Surface topographic measurements; descriptions appear in the text with details in Appendix B. [I] Spine Length (green) is the midline arclength. [II] Back Area is the summation of left (magenta) and right (yellow) surface areas. [III] Cross-Section Area (green) is the area enclosed by the intersection of the torso surface and transverse plane. [IV] Cross-Section Volume is the volume of the portion of the torso bounded by transverse cuts (blue and green). [V] Back Surface Rotation (aka Angle of Trunk Rotation) measures the angle between a line tangent to the back and the coronal plane. [VII] Centroid Deviation is the lateral shift between the barycenter of an axial slice (green) compared to the centroid at the level of the PSIS (blue). [VIII] Axial Rotation is the angle between the principal axis of a transverse slice (green) and the coronal plane. [IX] Qangle is the topographic analogue of the Cobb angle using the dorsal symmetry line

Intrinsic measures

  1. I.

    Spine length Arclength of the midline from the PSIS centroid to C7.

  2. II.

    Back area Surface area of the dorsal torso, bounded cranially by C7 and caudally by PSIS [30].

  3. III.

    Cross-sectional area ♱ Enclosed area of transverse plane slices taken through the torso at L2, T8, and JN [26]. Abbreviated XSA.

  4. IV.

    Section volume ♱ Three torso volumes were computed, bounded caudally/cranially with axial planes: (1) L2 to T8, (2) XP to JN, and (3) PSIS to JN [26]. Abbreviated XSV.

Pose-dependent measures

  1. XXII.

    ATR/BSR Max § Trunk surface rotation is the angle of the line lying tangent to the back surface [31, 32] in reference to either (a) floor plane for Adam’s bend scans, or (b) the patient’s coronal plane for upright postures.

  2. XXIII.

    ATR/BSR X% Trunk surface rotation was measured (as above) at predetermined intervals between PSIS and C7: 25%, 50%, and 75%.

  3. XXIV.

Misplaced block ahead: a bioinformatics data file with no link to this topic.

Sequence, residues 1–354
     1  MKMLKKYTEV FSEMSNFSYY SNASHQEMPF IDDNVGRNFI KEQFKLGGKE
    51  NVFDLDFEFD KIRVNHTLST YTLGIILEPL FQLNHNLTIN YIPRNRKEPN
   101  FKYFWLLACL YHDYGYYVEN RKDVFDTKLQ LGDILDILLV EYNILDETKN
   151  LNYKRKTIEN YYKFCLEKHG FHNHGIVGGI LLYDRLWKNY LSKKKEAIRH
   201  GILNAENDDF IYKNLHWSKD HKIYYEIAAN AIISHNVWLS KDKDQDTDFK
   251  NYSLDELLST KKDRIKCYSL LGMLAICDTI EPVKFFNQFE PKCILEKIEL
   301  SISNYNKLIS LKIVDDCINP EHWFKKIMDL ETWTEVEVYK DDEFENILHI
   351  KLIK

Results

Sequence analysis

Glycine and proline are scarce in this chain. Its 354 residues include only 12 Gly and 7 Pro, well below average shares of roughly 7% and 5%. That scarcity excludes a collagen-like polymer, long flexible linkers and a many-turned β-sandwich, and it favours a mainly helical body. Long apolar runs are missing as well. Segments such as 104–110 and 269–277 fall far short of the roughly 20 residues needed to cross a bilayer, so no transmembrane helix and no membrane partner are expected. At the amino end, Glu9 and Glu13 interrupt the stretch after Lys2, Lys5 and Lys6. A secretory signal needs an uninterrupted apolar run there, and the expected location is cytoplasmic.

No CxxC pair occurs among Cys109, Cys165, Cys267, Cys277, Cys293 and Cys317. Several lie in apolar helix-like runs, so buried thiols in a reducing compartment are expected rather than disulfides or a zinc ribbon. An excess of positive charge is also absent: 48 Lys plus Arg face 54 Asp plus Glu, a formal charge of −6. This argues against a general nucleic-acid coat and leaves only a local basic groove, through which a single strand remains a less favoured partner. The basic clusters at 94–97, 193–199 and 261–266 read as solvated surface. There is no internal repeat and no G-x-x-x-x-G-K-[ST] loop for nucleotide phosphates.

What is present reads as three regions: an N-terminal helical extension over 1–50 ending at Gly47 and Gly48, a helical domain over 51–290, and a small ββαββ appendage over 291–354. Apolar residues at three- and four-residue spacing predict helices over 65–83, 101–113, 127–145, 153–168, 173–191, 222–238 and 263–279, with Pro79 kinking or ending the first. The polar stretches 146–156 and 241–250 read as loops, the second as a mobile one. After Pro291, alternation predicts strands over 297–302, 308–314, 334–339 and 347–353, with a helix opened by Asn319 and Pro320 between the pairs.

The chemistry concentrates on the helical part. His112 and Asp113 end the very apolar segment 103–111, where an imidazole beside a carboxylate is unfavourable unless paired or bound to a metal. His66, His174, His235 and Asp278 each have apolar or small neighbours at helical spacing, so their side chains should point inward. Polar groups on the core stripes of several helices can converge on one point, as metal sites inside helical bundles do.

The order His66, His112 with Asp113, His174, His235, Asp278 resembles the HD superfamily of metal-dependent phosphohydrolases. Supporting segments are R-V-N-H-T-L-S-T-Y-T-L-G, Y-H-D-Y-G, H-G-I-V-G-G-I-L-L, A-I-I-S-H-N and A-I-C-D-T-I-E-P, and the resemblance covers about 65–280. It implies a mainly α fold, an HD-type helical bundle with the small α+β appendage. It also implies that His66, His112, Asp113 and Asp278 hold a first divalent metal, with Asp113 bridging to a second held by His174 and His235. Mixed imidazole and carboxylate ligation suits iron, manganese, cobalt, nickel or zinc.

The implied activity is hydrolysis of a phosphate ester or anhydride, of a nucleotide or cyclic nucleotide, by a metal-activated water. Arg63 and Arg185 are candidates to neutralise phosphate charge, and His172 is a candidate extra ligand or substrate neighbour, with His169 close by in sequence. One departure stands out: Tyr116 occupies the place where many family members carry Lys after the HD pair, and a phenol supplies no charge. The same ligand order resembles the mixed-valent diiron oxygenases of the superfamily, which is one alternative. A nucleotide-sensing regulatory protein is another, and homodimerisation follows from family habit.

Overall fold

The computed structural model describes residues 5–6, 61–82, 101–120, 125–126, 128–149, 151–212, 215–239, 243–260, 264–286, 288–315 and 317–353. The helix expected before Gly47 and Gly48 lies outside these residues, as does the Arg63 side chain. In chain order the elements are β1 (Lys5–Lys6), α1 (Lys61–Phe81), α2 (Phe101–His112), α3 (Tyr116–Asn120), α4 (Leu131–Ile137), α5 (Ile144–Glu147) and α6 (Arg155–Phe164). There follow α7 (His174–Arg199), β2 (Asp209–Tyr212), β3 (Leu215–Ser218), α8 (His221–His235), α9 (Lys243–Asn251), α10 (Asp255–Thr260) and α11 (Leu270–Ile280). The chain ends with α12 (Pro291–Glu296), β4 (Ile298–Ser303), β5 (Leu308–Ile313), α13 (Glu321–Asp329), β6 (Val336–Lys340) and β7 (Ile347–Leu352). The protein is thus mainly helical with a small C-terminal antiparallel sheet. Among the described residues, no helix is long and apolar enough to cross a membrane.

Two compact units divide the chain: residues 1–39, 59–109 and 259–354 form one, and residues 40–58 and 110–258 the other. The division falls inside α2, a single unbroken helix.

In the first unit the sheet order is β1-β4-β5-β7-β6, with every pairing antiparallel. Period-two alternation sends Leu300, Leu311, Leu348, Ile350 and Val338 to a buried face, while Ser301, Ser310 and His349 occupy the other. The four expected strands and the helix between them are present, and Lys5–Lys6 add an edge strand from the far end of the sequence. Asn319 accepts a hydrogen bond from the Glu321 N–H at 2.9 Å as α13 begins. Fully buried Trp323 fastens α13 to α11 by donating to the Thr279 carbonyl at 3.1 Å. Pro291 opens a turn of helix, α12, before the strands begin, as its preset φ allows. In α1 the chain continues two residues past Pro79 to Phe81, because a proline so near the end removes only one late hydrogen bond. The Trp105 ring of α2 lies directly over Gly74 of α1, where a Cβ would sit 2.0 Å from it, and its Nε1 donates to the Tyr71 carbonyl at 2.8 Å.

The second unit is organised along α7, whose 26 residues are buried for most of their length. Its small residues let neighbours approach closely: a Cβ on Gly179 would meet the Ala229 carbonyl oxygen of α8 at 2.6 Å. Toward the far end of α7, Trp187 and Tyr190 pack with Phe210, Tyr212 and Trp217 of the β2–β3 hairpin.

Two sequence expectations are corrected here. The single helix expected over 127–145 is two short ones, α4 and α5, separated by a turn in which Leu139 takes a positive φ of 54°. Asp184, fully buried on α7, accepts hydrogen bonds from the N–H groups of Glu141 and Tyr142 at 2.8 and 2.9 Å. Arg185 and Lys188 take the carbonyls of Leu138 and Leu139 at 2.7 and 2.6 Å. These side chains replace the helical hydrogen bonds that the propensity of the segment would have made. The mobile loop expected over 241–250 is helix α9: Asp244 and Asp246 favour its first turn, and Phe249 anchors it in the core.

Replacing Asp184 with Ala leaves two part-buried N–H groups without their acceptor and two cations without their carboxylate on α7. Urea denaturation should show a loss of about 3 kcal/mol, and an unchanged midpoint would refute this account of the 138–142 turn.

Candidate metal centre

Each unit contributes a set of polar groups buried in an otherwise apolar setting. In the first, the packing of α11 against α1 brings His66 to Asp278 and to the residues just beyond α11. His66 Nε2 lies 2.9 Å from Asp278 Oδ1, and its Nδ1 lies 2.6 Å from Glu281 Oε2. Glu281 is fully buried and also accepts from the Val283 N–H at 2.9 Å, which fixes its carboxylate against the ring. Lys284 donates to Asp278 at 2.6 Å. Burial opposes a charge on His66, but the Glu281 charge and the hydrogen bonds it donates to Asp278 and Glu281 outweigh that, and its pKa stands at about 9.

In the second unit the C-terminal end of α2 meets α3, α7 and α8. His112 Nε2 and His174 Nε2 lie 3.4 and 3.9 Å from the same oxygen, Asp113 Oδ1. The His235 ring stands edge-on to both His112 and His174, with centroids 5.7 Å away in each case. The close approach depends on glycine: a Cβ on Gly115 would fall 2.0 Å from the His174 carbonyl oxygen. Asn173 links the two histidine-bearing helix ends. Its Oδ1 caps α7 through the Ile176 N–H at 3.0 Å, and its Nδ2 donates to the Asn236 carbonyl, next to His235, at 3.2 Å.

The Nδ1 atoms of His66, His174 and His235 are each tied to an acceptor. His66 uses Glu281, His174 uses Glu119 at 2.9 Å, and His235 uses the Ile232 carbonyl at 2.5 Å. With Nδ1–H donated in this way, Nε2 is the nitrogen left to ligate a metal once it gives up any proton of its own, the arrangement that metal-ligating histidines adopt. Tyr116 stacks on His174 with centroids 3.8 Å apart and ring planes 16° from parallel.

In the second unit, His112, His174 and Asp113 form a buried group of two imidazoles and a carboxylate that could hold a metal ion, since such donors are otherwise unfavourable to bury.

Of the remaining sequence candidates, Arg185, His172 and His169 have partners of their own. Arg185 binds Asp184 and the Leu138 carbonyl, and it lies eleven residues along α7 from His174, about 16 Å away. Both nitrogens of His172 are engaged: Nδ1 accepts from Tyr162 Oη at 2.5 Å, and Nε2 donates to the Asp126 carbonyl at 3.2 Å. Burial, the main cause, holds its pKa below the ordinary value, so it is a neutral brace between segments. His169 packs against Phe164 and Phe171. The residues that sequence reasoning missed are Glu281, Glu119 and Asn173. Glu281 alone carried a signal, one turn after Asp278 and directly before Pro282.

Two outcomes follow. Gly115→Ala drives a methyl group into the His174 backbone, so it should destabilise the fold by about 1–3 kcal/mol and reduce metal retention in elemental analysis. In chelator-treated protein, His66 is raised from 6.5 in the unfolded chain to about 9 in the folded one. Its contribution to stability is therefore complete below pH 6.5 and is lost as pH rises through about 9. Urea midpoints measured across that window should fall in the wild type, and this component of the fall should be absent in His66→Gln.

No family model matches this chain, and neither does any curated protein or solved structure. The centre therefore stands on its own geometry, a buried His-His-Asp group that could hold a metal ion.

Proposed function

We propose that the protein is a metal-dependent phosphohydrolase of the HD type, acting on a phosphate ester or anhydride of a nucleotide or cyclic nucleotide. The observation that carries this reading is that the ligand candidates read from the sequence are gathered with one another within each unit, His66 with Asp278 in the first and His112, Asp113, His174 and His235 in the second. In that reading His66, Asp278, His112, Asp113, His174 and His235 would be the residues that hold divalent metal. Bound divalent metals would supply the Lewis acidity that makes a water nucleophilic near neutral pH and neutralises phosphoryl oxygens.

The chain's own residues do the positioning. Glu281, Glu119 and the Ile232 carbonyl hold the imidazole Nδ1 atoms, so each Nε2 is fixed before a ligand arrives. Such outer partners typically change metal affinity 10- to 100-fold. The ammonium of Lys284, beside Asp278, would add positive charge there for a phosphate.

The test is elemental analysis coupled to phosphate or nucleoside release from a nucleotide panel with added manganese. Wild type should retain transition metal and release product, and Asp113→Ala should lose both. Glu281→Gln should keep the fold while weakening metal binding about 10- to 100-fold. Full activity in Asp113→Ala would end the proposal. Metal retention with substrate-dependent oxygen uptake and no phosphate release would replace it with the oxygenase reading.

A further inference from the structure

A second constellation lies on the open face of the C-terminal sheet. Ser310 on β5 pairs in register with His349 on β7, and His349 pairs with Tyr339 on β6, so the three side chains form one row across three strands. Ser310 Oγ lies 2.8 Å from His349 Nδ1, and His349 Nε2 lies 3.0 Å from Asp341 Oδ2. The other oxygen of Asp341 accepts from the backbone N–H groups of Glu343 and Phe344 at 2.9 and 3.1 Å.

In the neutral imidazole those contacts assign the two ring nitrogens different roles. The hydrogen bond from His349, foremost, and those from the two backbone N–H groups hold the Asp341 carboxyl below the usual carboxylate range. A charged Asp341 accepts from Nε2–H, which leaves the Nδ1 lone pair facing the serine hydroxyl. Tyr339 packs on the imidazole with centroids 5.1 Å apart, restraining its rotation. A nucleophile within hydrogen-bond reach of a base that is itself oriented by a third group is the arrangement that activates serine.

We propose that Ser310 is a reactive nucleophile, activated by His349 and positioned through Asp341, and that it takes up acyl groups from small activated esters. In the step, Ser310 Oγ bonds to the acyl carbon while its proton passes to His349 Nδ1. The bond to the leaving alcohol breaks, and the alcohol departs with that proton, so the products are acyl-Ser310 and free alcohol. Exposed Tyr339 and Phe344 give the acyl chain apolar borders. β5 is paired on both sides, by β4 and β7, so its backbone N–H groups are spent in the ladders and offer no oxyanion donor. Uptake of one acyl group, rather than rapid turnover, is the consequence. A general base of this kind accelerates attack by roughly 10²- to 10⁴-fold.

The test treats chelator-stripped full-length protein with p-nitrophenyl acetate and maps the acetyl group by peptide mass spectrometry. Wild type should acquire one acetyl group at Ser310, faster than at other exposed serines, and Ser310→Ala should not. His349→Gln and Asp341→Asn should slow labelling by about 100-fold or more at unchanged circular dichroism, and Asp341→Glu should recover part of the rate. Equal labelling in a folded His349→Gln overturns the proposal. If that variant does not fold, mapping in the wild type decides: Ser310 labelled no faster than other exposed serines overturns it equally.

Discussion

Centroid deviation § Centroid (barycenter of axial slice) deviation in the coronal plane, with reference to the PSIS slice centroid [33].

  4. XXV.

    Trunk axis § Angle of the principal axis of transverse slices [33].

  5. XXVI.

    Qangle ♱ Analogous to Cobb angle, as in the Qantec [34] system; the back symmetry line [35] was fitted with a fourth-order harmonic function.

♱ Standing poses only

§ Maximum absolute value anywhere on the trunk reported

Statistical analysis

Intraclass correlation coefficients (ICC(2,1)) and standard deviations (SD) were computed for each parameter and pose using SPSS (version 25, IBM, Armonk, NY). All ICC calculations were made for absolute agreement, and lower/upper bounds were computed at the 95% confidence interval. Accuracy measures were reported as Root-Mean-Squared (RMS) error, also called the quadratic mean

$$RMS = \sqrt {\frac{1}{n}\mathop \sum \limits_{i}^{n} \left( {x_{i} } \right)^{2} .}$$

To assess the reliability of our methods for different body types, we compute Spearman correlation coefficients between subject Body Mass Index (BMI) and inter-rater topographic parameter consistency (relative difference for intrinsic measures and absolute difference for pose-dependent). A total of 36 parameters (from three poses) were tested, and then, the Bonferroni–Holm method was applied to correct for multiple comparisons (alpha = 0.05).

Rigid-body scan targets

To validate the reconstruction accuracy of the scanner, a calibration target (aluminum optical breadboard) with evenly spaced fiducials was scanned in 3dMD. Planar reconstruction accuracy was evaluated by fitting a plane to the 3D surface and computing point-to-plane distances. For absolute error, fiducial landmarks were manually identified and distances between neighbors were measured.

To control for nonrigid postural variation, we simulated the scan protocol on a lightweight torso mannequin (Fig. 4). Ten repeated trials were performed in the upright position mounted to a tripod and the forward bend position lying prone on a small table. After fitting the torso template to the reconstructed scans, we computed the previously described measurements.

Fig. 4
figure 4

The phantom model is a rigid torso mannequin mounted to a tripod. The left image shows a cropped RGB image captured by 3dMD, while the right image shows the reconstructed mesh. Note that the fiducial markers are not used for any part of our analysis

For comparison with a gold standard reference modality, we also scanned the torso mannequin with computed tomography (CT) at 970 × 970 × 625 μm voxel resolution (Discovery 750 HD, General Electric, Boston, USA). The surface was reconstructed using a marching cubes algorithm, and then fed into the automated measurement software for direct comparison with topographic scanning.


Data collection and processing times